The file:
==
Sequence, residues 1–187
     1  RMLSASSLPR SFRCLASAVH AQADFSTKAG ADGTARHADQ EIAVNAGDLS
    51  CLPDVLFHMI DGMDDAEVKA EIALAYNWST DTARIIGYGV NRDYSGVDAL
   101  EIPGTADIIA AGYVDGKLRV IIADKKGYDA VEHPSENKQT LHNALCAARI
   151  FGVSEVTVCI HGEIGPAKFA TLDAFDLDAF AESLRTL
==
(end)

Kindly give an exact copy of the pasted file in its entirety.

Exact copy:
Sequence, residues 1–187
     1  RMLSASSLPR SFRCLASAVH AQADFSTKAG ADGTARHADQ EIAVNAGDLS
    51  CLPDVLFHMI DGMDDAEVKA EIALAYNWST DTARIIGYGV NRDYSGVDAL
   101  EIPGTADIIA AGYVDGKLRV IIADKKGYDA VEHPSENKQT LHNALCAARI
   151  FGVSEVTVCI HGEIGPAKFA TLDAFDLDAF AESLRTL